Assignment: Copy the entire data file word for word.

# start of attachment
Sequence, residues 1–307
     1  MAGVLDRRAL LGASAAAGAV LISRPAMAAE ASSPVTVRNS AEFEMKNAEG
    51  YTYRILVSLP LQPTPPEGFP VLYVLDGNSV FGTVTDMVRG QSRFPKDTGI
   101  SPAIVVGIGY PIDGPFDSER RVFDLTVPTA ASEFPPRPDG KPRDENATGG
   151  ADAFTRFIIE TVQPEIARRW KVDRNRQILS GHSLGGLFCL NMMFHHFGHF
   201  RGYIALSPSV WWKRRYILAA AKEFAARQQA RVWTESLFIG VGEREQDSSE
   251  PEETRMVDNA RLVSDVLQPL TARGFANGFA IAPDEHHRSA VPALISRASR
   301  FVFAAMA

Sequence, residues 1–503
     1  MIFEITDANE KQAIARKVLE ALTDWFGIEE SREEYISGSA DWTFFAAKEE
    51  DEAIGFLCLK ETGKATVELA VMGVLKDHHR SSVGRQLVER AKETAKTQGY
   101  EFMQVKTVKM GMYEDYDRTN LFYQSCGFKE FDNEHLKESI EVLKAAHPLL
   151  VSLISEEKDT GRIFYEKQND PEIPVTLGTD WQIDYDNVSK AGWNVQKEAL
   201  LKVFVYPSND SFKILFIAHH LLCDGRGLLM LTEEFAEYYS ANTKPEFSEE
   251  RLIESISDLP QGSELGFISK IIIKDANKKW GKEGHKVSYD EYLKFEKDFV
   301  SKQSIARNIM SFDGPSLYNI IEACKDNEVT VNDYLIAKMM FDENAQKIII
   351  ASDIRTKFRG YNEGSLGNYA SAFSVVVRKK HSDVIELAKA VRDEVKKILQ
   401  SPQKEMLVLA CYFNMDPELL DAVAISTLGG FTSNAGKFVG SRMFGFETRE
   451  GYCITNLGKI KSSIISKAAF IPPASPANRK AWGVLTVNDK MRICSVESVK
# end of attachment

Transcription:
Sequence, residues 1–307
     1  MAGVLDRRAL LGASAAAGAV LISRPAMAAE ASSPVTVRNS AEFEMKNAEG
    51  YTYRILVSLP LQPTPPEGFP VLYVLDGNSV FGTVTDMVRG QSRFPKDTGI
   101  SPAIVVGIGY PIDGPFDSER RVFDLTVPTA ASEFPPRPDG KPRDENATGG
   151  ADAFTRFIIE TVQPEIARRW KVDRNRQILS GHSLGGLFCL NMMFHHFGHF
   201  RGYIALSPSV WWKRRYILAA AKEFAARQQA RVWTESLFIG VGEREQDSSE
   251  PEETRMVDNA RLVSDVLQPL TARGFANGFA IAPDEHHRSA VPALISRASR
   301  FVFAAMA

Sequence, residues 1–503
     1  MIFEITDANE KQAIARKVLE ALTDWFGIEE SREEYISGSA DWTFFAAKEE
    51  DEAIGFLCLK ETGKATVELA VMGVLKDHHR SSVGRQLVER AKETAKTQGY
   101  EFMQVKTVKM GMYEDYDRTN LFYQSCGFKE FDNEHLKESI EVLKAAHPLL
   151  VSLISEEKDT GRIFYEKQND PEIPVTLGTD WQIDYDNVSK AGWNVQKEAL
   201  LKVFVYPSND SFKILFIAHH LLCDGRGLLM LTEEFAEYYS ANTKPEFSEE
   251  RLIESISDLP QGSELGFISK IIIKDANKKW GKEGHKVSYD EYLKFEKDFV
   301  SKQSIARNIM SFDGPSLYNI IEACKDNEVT VNDYLIAKMM FDENAQKIII
   351  ASDIRTKFRG YNEGSLGNYA SAFSVVVRKK HSDVIELAKA VRDEVKKILQ
   401  SPQKEMLVLA CYFNMDPELL DAVAISTLGG FTSNAGKFVG SRMFGFETRE
   451  GYCITNLGKI KSSIISKAAF IPPASPANRK AWGVLTVNDK MRICSVESVK